I mentioned my APHA colt, “Chase,” in my last column – since then, he’s started to come along under saddle. He’s learned to stretch into the side reins and begin working over his back, and I’ve seen his lofty trot stride begin to emerge. He’s become reliable about crossing ditches and the small bridge on the property where I board him.
He’s figured out that the outside leg cue means “lope,” and he’s able to bend away from my inside leg on a circle.
I can honestly say he’s got the best mind of any young horse I’ve ridden. He’s quick on the uptake, eager to please, and I even thought I’d be able to tell you he’s not at all spooky. Unfortunately, he disproved that theory when he shied at a stored canoe the other day, but even then, he wasn’t at all bad. He was reasonable about it, and he trusted me to work him past it with far less protest than most young – or even older – horses.
I have to say the situation has met and surpassed my expectations. I doubt Chase had any expectations, but he seems to be enjoying his new experience. He’s very much like a Labrador puppy on the ground. He picked up my hairnet the other day after a ride and shook and chewed it until I intervened. Given his baby antics, it’s kind of shocking how workmanlike he’s been under saddle. I know he’ll dry up soon enough, but I’m enjoying the baby shenanigans while they last.
Seeing him begin to develop into a reliable young riding horse is sort of what I imagine it’s like to see a toddler become a child and then a teenager. I feel like I’m carving a work of art out of stone – slowly chipping away the excess portions so that this lovely young being can emerge.
We did a lot of groundwork from the time he was a weanling, but there’s something about actually clambering up on a young horse’s back that brings the partnership to a new level. It’s when both horse and rider say, “OK, this is where the rubber meets the road … Can I trust you?”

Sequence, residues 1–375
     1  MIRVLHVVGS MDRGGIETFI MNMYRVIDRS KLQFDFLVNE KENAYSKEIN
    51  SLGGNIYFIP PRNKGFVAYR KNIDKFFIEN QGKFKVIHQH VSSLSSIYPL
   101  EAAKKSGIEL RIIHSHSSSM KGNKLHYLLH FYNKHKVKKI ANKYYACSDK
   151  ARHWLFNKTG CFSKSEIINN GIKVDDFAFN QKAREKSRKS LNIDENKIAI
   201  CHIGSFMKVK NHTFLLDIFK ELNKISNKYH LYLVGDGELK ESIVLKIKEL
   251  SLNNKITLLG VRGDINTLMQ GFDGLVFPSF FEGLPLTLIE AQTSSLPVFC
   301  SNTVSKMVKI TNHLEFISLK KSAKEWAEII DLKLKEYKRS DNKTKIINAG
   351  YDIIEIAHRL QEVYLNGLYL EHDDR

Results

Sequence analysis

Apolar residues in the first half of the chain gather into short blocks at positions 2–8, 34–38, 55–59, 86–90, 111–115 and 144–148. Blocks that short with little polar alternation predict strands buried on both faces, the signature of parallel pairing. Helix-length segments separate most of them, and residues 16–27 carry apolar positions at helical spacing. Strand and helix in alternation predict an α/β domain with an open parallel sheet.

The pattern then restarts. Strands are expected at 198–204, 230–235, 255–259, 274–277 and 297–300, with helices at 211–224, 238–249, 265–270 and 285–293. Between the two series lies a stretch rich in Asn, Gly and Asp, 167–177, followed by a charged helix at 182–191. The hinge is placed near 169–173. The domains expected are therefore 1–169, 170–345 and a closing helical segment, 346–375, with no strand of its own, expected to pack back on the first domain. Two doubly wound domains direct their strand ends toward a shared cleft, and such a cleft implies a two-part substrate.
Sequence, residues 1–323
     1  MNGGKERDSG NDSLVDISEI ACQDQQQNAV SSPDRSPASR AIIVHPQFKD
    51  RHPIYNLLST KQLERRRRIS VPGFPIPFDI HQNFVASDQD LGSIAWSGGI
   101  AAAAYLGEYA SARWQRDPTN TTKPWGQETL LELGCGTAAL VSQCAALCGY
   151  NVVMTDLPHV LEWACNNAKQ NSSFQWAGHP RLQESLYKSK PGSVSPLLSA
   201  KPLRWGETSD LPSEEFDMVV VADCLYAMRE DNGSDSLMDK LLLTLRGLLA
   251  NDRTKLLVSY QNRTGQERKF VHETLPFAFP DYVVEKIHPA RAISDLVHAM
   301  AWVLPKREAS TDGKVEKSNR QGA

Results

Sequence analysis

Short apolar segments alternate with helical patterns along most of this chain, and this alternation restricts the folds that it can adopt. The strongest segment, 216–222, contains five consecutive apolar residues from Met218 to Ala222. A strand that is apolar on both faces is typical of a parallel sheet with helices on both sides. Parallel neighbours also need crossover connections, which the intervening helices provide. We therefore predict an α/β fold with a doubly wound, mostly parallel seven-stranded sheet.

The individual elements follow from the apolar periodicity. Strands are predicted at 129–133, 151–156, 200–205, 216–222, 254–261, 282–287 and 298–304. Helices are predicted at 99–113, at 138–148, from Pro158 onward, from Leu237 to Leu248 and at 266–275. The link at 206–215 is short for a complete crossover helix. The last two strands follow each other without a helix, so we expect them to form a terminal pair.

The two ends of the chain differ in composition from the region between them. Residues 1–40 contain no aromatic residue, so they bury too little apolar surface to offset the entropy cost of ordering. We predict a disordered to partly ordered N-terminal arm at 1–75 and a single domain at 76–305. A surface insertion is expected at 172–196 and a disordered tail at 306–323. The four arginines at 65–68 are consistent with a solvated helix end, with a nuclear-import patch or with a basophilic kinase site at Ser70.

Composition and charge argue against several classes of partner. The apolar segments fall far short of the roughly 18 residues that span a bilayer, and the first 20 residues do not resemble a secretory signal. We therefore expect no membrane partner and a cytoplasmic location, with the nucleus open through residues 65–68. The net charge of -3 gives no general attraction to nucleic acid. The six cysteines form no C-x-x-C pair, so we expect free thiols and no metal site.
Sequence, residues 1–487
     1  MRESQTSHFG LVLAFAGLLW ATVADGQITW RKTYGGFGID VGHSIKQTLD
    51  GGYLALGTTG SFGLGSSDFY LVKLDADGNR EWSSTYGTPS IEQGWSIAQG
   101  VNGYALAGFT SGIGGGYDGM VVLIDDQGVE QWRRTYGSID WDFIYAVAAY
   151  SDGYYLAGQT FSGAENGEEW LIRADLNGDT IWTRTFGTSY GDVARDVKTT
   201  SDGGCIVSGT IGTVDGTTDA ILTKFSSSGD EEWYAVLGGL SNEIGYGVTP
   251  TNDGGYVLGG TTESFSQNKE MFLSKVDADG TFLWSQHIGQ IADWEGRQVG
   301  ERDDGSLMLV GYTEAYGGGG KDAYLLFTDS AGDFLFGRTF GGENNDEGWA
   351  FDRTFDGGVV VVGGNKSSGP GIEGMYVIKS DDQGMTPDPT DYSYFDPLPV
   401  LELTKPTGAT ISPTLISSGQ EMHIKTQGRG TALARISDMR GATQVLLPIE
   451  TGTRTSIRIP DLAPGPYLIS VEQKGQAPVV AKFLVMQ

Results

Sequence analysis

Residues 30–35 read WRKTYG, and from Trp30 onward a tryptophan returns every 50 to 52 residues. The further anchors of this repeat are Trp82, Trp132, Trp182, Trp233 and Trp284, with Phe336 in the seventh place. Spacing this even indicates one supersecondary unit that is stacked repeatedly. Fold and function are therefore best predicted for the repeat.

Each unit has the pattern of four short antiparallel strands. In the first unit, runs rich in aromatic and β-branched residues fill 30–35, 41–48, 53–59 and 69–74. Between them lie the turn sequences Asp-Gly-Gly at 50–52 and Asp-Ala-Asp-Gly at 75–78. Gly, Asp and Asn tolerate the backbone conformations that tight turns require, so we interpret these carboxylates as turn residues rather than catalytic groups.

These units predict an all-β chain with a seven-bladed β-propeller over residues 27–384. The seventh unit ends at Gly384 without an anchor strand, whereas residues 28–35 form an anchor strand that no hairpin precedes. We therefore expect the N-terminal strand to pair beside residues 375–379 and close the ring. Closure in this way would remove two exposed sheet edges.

In this case, I feel the answer from both parties has been a definitive, “yes.”
Here at The CE, we strive to foster the same sort of meaningful relationships with – and when at all possible, between – our columnists, our advertisers, our directory members. In this edition, you’ll see that we recognized riders who worked hard to get to the Pinto World Championship Show and the Georgia State Federation of Saddle Clubs state show this year. We’ve added a new columnist, aspiring journalist Analisa Camelin, who’s currently studying at the University of Louisiana, and we’re checking back in with the Berry College Equestrian Team as they begin the process of defending their national champion status for a third time. We caught up with internationally-recognized dressage instructor Wendy Murdoch and talked with her about how she’s helping horse owners on social media, and we got the scoop on the unique Southern Equestrian T-shirts you’re starting to see at horse shows throughout the Southeast.
You’ll also notice we’ve added a calendar of horse events in the Southeast for the next few months. If you’ve got a show, clinic, training challenge, trail ride or other event we need to add, simply email me – we’re providing this as a free service. Calendar deadlines are the same as ad deadlines – see pages four and 22.
Finally, enjoy your fall – the riding weather is shaping up nicely!